In 2008, the Environmental Protection Agency, the National Institutes of Health and the National Toxicology Program signed what the HSUS called a “milestone” agreement to implement it.
Joyce Tischler, founder and chief counsel of the Animal Legal Defense Fund, is greatly encouraged by this. ALDF has since teamed up with the Johns Hopkins Bloomberg School of Public Health, the Lewis and Clark Center for Animal Law Studies, and the Environmental Law Institute to hold symposiums focused on making the vision a reality. In June 2010, for example, lawyers, policymakers and scientists met at the National Press Club in Washington, D.C., to discuss strategy.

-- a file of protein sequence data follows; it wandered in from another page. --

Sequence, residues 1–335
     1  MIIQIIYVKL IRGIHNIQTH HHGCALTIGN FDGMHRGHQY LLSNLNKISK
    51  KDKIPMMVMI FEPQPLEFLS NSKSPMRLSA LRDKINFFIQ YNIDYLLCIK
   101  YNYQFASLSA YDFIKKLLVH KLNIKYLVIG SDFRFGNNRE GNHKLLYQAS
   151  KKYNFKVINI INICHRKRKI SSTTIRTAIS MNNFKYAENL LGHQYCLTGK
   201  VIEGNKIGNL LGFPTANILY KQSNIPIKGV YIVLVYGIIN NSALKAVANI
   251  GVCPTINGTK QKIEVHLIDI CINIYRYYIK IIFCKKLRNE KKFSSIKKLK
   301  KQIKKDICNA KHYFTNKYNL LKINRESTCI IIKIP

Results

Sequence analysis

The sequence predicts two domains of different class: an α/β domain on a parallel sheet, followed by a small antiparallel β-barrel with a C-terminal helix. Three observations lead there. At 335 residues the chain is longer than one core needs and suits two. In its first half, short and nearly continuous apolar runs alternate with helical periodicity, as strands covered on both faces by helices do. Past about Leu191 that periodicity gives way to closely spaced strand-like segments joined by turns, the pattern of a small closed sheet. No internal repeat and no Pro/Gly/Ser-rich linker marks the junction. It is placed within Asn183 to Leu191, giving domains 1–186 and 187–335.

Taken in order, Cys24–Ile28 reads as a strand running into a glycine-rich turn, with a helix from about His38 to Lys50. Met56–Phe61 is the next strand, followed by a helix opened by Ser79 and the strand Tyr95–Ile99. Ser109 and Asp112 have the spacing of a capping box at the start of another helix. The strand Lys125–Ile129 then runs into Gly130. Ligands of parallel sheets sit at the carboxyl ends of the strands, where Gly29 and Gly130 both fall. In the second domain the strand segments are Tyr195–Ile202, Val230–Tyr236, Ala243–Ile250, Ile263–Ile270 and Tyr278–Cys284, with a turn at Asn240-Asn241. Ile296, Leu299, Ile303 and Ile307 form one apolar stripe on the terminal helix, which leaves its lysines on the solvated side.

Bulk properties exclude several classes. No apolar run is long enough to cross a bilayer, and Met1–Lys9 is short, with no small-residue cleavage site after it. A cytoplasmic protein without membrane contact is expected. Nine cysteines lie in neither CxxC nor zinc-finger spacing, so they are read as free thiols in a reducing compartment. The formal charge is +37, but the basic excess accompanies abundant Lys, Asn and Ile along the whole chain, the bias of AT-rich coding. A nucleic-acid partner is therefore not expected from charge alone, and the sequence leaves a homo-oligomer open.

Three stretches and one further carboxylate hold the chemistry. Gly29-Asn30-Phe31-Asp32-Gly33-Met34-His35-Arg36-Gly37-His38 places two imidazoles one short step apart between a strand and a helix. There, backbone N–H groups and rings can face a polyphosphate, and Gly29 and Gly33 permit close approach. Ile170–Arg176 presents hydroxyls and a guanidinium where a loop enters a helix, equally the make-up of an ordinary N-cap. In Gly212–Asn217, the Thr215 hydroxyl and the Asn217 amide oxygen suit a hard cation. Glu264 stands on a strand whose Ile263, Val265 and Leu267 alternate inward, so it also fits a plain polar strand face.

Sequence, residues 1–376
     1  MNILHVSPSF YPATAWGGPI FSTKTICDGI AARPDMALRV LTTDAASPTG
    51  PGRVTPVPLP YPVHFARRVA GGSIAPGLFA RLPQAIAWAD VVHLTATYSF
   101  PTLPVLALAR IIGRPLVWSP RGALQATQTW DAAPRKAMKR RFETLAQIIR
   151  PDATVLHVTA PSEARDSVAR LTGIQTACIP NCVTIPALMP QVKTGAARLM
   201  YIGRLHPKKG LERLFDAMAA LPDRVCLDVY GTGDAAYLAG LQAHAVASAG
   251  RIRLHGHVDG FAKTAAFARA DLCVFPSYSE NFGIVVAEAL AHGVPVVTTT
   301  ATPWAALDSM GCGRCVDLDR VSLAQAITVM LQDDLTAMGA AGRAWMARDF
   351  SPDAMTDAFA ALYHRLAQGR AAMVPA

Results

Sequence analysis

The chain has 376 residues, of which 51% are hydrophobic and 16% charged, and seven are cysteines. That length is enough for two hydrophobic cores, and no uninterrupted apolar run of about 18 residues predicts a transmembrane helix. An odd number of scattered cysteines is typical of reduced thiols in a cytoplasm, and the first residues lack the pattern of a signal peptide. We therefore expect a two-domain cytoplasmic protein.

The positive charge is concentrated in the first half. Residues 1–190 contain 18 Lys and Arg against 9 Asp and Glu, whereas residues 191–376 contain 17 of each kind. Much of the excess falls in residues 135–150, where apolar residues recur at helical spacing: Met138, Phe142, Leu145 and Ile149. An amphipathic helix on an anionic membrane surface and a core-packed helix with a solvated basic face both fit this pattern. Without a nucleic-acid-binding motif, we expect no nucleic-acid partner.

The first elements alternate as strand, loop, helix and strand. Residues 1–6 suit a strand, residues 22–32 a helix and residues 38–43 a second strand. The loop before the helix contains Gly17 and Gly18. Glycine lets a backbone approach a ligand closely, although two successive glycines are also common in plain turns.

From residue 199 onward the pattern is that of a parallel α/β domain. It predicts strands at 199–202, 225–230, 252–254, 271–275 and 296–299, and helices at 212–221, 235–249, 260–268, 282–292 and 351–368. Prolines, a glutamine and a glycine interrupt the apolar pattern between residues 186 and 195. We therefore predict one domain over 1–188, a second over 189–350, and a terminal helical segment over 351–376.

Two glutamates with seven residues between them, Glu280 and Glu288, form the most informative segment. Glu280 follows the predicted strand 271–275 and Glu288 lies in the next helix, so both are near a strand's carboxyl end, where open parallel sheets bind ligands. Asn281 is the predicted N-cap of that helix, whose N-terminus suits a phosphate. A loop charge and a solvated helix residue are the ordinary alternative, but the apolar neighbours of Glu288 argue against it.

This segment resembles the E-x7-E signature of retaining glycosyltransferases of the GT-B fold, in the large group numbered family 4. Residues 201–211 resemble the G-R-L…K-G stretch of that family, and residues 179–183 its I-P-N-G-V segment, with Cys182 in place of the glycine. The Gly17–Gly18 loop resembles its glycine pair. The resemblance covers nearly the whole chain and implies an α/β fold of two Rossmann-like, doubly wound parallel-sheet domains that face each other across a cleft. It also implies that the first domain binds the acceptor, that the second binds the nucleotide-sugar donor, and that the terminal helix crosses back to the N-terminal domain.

“The key question on animal research,” says HSUS’s Stephens, “is where we go from here, with society’s concern for animals and the acknowledged limitations of animal research.” He sees the FDA’s Critical Path Initiative as confirmation that the current system is not working and points to “the appalling 92 percent failure rate of drug candidates in human trials following animal testing.” The AFMA also opposes using animals as predictive models for human drug and disease response, saying the method has repeatedly been proven scientifically invalid.
Anesthesiologist Ray Greek, president of AMFA, has complained of his inability to engage researchers in public debate. His appearance on a UCLA panel in February 2010 was the first time he could recall sitting together at the same forum with those who had opposing views. However, he was disappointed that attendance was limited to staff and students with security cited as the reason. No similar forums have followed, according to Greek. The two sides still aren’t talking enough for Tischler’s liking, either.